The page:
Shaheim Wright wants to go back to school.
The Northeast High School graduate is considering zoology. Or maybe biology, so he could take veterinary medicine courses. Most of all, he wants to get a college degree so he can get a better job. Right now, he takes care of the animals at the PetSmart at Cottman and Bustleton Avenues.
But Wright, 19, says it doesn't seem possible to go to back to school. In part, because his work schedule is so erratic.
"I can't go and apply for college if I don't know what days I can go to class," Wright said, adding that he fears that if he were to call out for a shift, he'd get fired.
On a good week, he'll get put on the schedule for 30 hours. Other weeks, he'll get only 16 hours. It's impossible for him to predict.
"I never know how much money is coming in," said Wright, who earns $8.75 an hour.
Wright isn't alone: according to a recent University of California-Berkeley study on Philadelphia's service sector that surveyed nearly 700 workers, the average worker reported a 14-hour difference between the weeks they worked the most and the least.
It's why Wright has joined a local campaign to push for city laws that will require employers to offer more consistent hours. He was one of about 40 workers and organizers who marched to City Hall just as the work day ended Tuesday to start the campaign, part of a nationwide movement that has won legislation in San Francisco, Seattle, and New York.
"We're not just workers," campaign leader Madison Nardy said at the march. "We're mothers, we're caretakers, and we're even step-team coaches."
Shortly after Nardy talked about Wright, he led three other members of the Northeast High step team in a performance in the middle of 13th Street, in front of cheering workers and advocates.
For the last six months, Philadelphia's "Fair Workweek" coalition, led by economic justice organization OnePA, has been organizing retail and fast-food workers from big box stores such as Gap, Target, and Walmart. It's an issue that is likely to have a particular resonance in the city, as the retail and hospitality industries are among the fastest growing locally, employing more than 124,000 people in 2016, according to the Pennsylvania Department of Labor and Industry and Philadelphia Works.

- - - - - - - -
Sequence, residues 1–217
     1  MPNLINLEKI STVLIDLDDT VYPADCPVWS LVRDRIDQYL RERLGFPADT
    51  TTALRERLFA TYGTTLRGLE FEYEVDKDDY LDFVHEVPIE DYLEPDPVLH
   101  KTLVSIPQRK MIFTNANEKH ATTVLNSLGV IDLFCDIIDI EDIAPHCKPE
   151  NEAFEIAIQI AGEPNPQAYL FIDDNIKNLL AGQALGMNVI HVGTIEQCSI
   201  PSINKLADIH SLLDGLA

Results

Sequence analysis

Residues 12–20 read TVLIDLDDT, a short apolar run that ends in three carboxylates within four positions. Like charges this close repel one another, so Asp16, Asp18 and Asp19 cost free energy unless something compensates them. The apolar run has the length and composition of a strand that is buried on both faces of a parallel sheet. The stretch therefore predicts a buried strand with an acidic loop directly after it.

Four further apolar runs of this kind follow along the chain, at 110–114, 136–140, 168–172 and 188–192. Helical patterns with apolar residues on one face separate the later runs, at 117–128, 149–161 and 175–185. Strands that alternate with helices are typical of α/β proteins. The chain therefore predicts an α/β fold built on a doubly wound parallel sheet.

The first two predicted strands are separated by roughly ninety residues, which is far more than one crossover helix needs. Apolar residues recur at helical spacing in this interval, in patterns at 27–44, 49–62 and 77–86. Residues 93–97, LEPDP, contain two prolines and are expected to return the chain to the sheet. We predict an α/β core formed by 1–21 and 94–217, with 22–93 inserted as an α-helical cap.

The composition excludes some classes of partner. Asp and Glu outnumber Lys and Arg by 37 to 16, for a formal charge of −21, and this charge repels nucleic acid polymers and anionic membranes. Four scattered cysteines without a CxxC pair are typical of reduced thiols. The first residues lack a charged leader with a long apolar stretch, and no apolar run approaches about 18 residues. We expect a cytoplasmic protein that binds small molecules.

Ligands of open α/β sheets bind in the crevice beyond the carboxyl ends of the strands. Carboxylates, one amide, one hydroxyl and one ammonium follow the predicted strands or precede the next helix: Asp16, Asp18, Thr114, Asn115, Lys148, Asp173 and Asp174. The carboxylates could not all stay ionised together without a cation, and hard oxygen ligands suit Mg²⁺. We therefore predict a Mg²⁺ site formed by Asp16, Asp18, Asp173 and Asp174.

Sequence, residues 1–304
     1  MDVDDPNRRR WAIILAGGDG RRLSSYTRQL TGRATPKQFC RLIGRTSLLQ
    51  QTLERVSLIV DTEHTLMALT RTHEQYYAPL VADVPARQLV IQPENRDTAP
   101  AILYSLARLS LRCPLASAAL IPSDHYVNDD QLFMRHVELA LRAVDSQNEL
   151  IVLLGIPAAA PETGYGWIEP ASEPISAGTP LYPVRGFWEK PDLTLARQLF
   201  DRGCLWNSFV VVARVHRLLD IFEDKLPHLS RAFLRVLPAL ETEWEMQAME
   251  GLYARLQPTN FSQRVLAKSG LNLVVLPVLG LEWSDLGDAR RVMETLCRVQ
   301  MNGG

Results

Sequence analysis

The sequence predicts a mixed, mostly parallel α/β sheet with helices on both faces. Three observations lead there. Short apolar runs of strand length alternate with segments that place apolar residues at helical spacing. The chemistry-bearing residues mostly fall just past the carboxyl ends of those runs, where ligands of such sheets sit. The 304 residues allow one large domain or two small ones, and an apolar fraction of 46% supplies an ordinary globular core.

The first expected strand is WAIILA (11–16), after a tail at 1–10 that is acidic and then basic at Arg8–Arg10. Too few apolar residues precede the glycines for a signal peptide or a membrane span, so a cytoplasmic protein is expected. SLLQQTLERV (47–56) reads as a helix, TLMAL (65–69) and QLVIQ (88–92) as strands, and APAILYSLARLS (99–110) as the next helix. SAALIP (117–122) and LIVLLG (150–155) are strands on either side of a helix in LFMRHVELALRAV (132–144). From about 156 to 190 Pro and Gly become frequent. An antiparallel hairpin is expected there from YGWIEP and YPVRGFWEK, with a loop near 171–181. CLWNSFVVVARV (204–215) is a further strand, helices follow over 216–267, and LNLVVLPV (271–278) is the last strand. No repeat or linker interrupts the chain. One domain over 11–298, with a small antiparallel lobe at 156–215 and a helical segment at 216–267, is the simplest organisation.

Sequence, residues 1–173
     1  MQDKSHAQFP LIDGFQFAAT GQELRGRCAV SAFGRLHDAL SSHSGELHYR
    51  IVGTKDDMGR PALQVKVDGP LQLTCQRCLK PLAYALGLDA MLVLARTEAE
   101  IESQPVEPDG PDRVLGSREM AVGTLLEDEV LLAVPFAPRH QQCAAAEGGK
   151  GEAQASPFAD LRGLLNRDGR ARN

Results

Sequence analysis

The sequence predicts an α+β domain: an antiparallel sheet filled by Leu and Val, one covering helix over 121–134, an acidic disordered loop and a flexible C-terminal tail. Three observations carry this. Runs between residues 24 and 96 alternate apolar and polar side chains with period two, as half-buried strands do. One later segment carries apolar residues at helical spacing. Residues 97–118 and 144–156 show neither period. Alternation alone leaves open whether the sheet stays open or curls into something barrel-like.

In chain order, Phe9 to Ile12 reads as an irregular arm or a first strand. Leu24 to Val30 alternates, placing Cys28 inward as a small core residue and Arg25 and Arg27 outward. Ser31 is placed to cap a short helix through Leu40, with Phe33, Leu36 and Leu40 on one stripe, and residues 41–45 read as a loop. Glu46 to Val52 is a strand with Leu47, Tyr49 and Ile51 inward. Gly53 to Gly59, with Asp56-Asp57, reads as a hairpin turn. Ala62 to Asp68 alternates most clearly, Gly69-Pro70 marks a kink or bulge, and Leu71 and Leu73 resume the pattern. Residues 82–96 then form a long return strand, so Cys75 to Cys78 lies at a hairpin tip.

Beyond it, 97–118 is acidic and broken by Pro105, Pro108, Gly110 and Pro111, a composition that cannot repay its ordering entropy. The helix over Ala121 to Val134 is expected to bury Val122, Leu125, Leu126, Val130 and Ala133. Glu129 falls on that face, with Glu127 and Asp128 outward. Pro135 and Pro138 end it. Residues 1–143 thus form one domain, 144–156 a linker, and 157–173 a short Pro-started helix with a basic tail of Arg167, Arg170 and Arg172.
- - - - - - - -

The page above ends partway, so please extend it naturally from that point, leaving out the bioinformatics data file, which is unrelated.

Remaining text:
This comes just after Mayor Kenney announced an ambitious plan to train Philadelphians and connect them to blue-collar jobs, with a specific eye toward the retail and hospitality industries.
Much of the issues that advocates have decried across the country stem from algorithmic, or data-driven, scheduling. The consequence, advocates say, is that workers are held hostage by the technology.
Cecily Harwitt, organizing director for OnePA, says the coalition has heard from hundreds of workers who feel as if they're punished if they don't leave their schedules wide open. There was the Aldi worker who asked to cut her hours down to 28 hours a week so she could take care of her newborn and is now consistently getting scheduled between 10 and 17 hours a week. And the Target worker who has had to turn down last-minute calls to come in because she couldn't afford the transportation that day.
"People's lives are just impossible to manage this way," Harwitt said.
The food and hospitality industry contends that it's impossible to predict certain circumstances, such as the weather or whether the Eagles will win the Super Bowl. If employers are required to make schedules two weeks out, the way New York City's law stipulates, it would hurt the companies' bottom line, said Melissa Bova, vice president of government affairs for the Pennsylvania Restaurant and Lodging Association.
Flexibility, she said, is an important part of the restaurant industry, one that benefits both workers and employers.
As for employers, Bova said: "They're terrified." They don't want to lose that flexibility.
A slate of City Council members, including Helen Gym, have called for hearings on the issue. The first is slated for Feb. 28.
"An economy that's built off keeping people in unstable hourly shift work that changes from week to week in a way that's largely outside their control is one that begins to profit from poverty rather than transcend it," Gym said. "That's what we're trying to take a look at in a very serious way."
As for Wright, he is nervous about losing his job for speaking out. But he has his eye on the bigger picture.
"If losing my job means I can do something better for retail work in general, then it doesn't matter to me," he said.